Road to Redemption
This comic road adventure begins as Amanda Tucker (Julie Condra) and her boyfriend, Alan Fischer (Jay Underwood), find themselves in trouble with an unsavory employer. Needing money, the couple has appropriated $250,000 from her Mob boss’s safe, only to lose the loot at the racetrack. In desperation Amanda turns to her wealthy grandfather, whom she hasn’t seen since childhood. She informs him of her financial woes, neglecting to mention that she’s being hunted by wise guys. The estranged grandfather (Pat Hingle) will help Amanda on one condition – that she take him fishing in Redemption, Montana.
The road trip unites the girl with her grandfather as they elude less-than-efficient gangsters. As Grandpa and granddaughter warm to each other, Gramps warns Amanda of the need for a spiritual relationship with God through Christ. As danger comes closer, she senses that he is at peace despite a life-threatening heart problem. Suddenly aware that life is fleeting, Amanda realizes that she is not ready to face her Creator.
It never ceases to amaze me how World Wide Pictures can consistently come up with involving, insightful storylines. Like TVs Hallmark Hall of Fame, World Wide’s movies over the past several years have uplifted the spirit without sacrificing plot or character development. And now the Billy Graham organization has had the courage to make humor a focal point to one of its stories. While recent dramatic scripts from that studio have moved me, notably “A Vow to Cherish” and “Something to Sing About,” the script of “Road to Redemption” not only tugged at my heartstrings, but it also made me laugh.
By using quirky hoodlums who behave more like Laurel and Hardy, wild car chases, and a buffoonish boyfriend who suffers the comic consequences of his actions, viewers are subject to many downright funny moments. I think World Wide’s executives have discovered that there is no greater way to get the attention of an audience than by injecting humor into their parables. If skeptical family members, friends or co-workers have hesitated in the past to view a “religious” film, this is the one for them. Although it never forsakes the gospel message, this funny escapade relates a story of healing relationships and self-discovery while thoroughly entertaining viewers.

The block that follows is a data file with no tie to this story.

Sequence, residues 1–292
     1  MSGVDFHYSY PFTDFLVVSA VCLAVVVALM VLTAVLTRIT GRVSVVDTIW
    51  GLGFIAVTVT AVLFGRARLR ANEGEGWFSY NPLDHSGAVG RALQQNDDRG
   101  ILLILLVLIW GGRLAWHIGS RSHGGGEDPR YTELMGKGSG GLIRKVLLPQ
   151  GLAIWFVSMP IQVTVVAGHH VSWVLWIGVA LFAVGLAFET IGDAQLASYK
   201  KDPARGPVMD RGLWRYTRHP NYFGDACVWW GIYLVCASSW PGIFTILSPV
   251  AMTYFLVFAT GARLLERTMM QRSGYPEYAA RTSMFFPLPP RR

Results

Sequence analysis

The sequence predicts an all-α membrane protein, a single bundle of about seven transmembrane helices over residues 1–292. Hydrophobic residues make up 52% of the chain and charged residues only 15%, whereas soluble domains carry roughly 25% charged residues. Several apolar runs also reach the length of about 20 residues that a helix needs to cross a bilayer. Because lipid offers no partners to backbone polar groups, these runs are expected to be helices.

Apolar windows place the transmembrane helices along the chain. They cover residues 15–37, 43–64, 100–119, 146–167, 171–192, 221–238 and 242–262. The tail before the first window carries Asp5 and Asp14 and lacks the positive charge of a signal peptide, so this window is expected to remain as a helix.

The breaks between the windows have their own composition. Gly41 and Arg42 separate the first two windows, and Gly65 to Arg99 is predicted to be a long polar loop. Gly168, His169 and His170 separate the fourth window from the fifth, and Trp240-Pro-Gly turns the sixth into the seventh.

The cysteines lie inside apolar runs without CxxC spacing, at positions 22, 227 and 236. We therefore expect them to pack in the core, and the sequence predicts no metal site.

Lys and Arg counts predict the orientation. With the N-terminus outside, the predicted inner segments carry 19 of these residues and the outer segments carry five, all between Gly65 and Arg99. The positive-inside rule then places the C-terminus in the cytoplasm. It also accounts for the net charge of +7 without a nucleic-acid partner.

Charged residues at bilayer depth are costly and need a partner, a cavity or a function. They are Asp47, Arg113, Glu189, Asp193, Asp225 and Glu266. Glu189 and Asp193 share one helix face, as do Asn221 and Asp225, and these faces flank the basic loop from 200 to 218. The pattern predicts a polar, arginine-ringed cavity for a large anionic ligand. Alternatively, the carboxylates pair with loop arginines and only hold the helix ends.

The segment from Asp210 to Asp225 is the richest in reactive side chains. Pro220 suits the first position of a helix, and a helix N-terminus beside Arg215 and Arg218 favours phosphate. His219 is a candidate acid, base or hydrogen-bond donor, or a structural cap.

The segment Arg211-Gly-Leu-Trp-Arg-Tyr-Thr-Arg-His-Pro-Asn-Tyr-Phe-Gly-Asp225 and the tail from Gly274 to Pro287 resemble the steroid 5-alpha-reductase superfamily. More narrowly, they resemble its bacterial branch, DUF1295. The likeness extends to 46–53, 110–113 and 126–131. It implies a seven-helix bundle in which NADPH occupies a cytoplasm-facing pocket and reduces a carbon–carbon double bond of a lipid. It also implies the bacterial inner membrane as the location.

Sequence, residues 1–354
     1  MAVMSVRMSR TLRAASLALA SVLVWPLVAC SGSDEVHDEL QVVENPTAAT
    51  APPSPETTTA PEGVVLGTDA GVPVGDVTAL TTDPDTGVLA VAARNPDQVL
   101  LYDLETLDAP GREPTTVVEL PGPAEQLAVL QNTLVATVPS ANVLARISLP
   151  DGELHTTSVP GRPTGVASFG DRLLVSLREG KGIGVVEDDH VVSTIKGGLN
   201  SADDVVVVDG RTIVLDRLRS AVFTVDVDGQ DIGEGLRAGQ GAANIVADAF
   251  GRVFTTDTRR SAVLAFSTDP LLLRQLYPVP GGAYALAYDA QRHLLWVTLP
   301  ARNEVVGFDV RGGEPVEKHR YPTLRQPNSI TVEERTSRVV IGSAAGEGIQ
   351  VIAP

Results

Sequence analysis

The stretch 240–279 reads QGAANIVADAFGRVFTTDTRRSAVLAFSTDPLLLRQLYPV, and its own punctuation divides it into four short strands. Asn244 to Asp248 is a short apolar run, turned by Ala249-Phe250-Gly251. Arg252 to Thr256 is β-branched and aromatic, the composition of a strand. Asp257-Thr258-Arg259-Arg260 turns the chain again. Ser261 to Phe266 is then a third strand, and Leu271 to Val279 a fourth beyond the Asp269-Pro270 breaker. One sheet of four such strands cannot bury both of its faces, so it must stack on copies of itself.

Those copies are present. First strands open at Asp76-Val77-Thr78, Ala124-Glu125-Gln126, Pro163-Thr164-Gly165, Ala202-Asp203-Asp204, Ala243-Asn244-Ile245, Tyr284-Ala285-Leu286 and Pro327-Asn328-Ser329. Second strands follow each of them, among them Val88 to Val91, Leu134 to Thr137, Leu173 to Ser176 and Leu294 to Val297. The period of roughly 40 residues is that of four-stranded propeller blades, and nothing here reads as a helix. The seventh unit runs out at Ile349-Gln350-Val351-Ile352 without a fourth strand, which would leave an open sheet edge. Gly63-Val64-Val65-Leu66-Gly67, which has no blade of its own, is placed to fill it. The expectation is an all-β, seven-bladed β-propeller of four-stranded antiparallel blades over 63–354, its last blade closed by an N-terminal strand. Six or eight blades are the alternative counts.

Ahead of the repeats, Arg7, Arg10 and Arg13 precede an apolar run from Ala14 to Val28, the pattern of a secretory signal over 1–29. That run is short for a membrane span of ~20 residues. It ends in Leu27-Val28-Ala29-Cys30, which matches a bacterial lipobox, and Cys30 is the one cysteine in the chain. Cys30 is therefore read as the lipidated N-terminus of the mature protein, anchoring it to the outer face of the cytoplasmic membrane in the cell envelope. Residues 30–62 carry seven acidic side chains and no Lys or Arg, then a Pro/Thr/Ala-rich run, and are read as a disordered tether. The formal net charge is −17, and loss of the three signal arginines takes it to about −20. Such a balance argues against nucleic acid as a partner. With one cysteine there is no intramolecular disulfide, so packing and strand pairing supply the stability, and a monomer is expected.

That’s not to say that “Road to Redemption” has no bumps in the road. World Wide Pictures is new to comedy. And although Robert Vernon has written an effective and witty script, Robert Vernon the director has not completely trusted his script’s humor. He’s not yet confident enough to rein in his younger cast members when they fall into slip-on-the-banana-peel mugging. When doing comedy, you need to know when to make a face and when to let the written word do a lion’s share of the work. This the younger cast members will learn in time. And this the director must visualize if he is to subdue a TV sitcom mentality.
Fortunately, character actor Pat Hingle (“Splendor in the Grass,” “The Ugly American,” “Batman”) comes to his costars’ rescue. This old pro knows his way around both a comic moment and a sincere spiritual exchange. The veteran’s sensitivity, coupled with several well-thought-out-comic gags, plus a believable presentation of the gospel message, help make for an involving movie experience.
World Wide Pictures has polished their ability to incorporate the Way, the Truth and the Life into perceptive and believable drama. With “Road to Redemption,” we are seeing that studio’s brave foray into the comedy adventure genre.